The adult C. quinquefasciatus is a medium-sized mosquito and is brown in colour. The body is about 3.96 to 4.25 mm long. While the main body is brown, the proboscis, thorax, wings, and tarsi are darker than the rest of the body. The head is light brown, with the lightest portion in the center. The antennae and the proboscis are about the same length, but in some cases, the antennae are slightly shorter than the proboscis. The flagellum has 13 segments that may have few or no scales. The scales of the thorax are narrow and curved. The abdomen has pale, narrow, rounded bands on the basal side of each tergite. Males can be differentiated from females in having large palps and feathery antennae.[8]

The larva has a short and stout head. The mouth brushes have long yellow filaments used for filtering organic materials. The abdomen consists of eight segments, the siphon, and the saddle. Each segment has a unique setae pattern. The siphon is on the dorsal side of the abdomen, and is four times longer than its breadth. The siphon has multiple setae tufts. The saddle is barrel-shaped and located on the ventral side of the abdomen, with four long anal papillae protruding from the posterior end.[2]


Mature C. quinquefasciatus females fly at night to nutrient-rich standing water to lay eggs. They breed profusely in dirty water collections, including stagnant drains, cesspools, septic tanks with leaks, burrow pits, and almost all organic polluted water collections. A single female can lay up to five rafts of eggs in a lifetime, with each raft containing 100 to 300 eggs.[9] The exact number varies depending on climatic conditions.[2] The larvae feed on organic material in the water and require between five and eight days to complete their development at 30 °C (86 °F). The larvae pass through four larval instars, and towards the end of the fourth instar, they stop eating and undergo moulting to give rise to pupae. After 36 hours at 27 °C (81 °F), adults emerge. The exact timing of development can vary depending on temperature. In optimum temperature and humidity, the lifecycle will be completed in seven days, passing through the egg, larval, pupal, and adult stages.[citation needed]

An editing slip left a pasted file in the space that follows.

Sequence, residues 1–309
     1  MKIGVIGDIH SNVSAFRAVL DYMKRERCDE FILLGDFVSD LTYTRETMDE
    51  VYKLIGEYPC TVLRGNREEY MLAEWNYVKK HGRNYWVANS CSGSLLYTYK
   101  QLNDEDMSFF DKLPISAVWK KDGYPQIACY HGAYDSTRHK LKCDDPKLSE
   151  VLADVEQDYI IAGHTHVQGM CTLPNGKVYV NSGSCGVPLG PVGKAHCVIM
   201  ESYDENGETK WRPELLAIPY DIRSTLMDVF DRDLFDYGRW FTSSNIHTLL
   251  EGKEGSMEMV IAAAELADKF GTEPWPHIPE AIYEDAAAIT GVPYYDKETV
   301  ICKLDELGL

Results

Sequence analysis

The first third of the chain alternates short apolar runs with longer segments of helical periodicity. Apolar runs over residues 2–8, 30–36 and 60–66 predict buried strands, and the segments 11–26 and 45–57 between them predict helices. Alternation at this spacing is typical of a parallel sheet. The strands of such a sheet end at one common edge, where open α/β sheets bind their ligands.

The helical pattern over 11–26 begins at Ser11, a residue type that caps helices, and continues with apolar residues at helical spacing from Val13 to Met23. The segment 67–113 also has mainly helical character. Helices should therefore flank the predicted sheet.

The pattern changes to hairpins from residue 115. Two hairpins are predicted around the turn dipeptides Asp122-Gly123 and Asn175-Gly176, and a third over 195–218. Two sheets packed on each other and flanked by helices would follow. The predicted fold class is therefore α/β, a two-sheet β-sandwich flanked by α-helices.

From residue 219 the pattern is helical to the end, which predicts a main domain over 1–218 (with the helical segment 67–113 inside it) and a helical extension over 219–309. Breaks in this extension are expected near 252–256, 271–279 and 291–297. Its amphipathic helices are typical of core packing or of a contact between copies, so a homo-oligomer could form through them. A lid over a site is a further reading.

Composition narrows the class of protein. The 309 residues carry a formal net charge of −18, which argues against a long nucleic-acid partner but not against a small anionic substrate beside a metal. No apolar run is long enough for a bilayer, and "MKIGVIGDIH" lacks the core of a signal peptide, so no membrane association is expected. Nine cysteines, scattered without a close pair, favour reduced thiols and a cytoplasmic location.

Both male and female adults take sugar meals from plants. After mating, the female seeks a blood meal from a mammal or bird, as ingested blood is necessary for egg development. C. quinquefasciatus shows a preference for the blood of birds, but will also commonly bite humans.[10]


Known hosts include birds (Aves), cattle (Bos taurus), dogs (Canis familiaris), Equus including donkeys (E. asinus), cats (Felis), mice (Mus musculus), house sparrows (Passer domesticus), rats (Rattus) and boars (Sus scrofa).[11]